Pain Management Reporting in ICD-10-CMSeptember 30, 2021
The diagnosis and the determination of an appropriate treatment plan are vital. To ensure total accuracy in pain management coding, here’s a full guide to the ICD-10 classification of pain, as well as the rules of sequencing pain codes.
Categories of Pain Codes
- Pain in which a particular body system is affected is under the body system chapters like low back pain and testicular pain. Low back pain belongs to the Musculoskeletal section (M54.5). The ICD-10 code for pain M54.5 will be a non-billable code and will be replaced with the following three code options:
- M54.50 Low back pain, unspecified
- M54.51 Vertebrogenic low back pain
- M54.59 Other low back pain
Meanwhile, testicular pain belongs to Other and unspecified disorders of male genital organs (N50.81). Diagnosis Code N50.81 is not appropriate for reimbursement purposes as multiple codes below contain more detail.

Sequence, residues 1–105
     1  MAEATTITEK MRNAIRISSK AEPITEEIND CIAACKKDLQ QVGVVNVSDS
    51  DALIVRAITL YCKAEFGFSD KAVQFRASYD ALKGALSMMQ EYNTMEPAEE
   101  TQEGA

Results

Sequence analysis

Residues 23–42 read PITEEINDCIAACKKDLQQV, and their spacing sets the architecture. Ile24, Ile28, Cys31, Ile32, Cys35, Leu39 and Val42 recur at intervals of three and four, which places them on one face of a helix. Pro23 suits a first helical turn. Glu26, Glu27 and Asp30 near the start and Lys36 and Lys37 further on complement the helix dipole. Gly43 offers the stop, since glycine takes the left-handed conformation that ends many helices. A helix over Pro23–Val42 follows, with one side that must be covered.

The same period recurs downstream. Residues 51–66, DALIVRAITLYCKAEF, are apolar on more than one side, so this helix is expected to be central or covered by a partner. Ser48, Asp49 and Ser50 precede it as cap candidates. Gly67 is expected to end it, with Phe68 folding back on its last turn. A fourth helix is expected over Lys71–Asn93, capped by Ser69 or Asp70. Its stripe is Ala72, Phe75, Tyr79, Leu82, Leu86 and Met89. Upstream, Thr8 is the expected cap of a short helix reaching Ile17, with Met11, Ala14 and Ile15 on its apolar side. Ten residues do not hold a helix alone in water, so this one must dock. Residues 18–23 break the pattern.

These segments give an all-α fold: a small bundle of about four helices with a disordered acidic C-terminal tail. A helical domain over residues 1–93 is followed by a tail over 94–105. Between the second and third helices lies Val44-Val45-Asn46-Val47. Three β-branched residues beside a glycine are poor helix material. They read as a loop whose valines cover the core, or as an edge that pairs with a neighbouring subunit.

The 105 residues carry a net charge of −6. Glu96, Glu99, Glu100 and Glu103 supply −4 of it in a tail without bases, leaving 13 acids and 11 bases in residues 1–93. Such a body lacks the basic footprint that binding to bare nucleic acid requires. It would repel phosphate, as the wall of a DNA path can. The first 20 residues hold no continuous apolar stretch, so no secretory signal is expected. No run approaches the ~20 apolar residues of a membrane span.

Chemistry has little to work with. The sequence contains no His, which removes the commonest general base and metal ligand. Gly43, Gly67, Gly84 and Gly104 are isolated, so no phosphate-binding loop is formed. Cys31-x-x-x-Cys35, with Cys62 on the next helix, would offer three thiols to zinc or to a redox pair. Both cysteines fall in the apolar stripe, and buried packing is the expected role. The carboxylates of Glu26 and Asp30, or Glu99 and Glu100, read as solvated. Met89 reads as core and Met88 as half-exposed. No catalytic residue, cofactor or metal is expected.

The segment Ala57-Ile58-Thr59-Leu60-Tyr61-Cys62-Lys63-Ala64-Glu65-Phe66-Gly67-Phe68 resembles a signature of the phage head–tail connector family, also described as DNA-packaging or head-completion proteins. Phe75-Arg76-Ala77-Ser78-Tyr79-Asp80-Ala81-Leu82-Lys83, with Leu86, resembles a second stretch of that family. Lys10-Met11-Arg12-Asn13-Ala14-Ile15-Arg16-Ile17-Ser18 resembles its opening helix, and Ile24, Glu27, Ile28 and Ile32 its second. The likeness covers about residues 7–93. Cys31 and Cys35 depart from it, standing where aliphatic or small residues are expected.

- Pain that does not indicate a specific body system is under Symptoms and Signs. Abdominal pain is under (category R10.9). R10.9 is a billing/specific ICD-10-CM code that suggests a diagnosis for reimbursement purposes.
- Distinct sets of pain are under category G89 (Pain, not elsewhere classified) in the Nervous System section.
Read on more to know the three types of pain codes. Always make sure that the physician’s documentation aligns with the patient’s diagnosis. Refer to the ICD-10-CM Index and follow whatever instructions it provides.
In category R10 of ICD-10-CM, over 30 different codes describe various types of abdominal and pelvic pain. Pain codes in other parts of the abdomen are as follows:
- Pain code for acute abdominal pain category (R10.0). It is a diagnosis code for acute abdominal pain that is severe, localized, and rapid-onset. Many disorders, conditions, and diseases may result in acute abdominal pain. If you have this type of pain, it can be a condition that requires surgery. For example, a medical condition that is peritonitis or acute appendicitis.
- Abdominal tenderness pain code (R10.81-). Tenderness also means being “sensitive to pain.” During an examination of the abdomen, a physician may know if the patient experiences abdominal tenderness.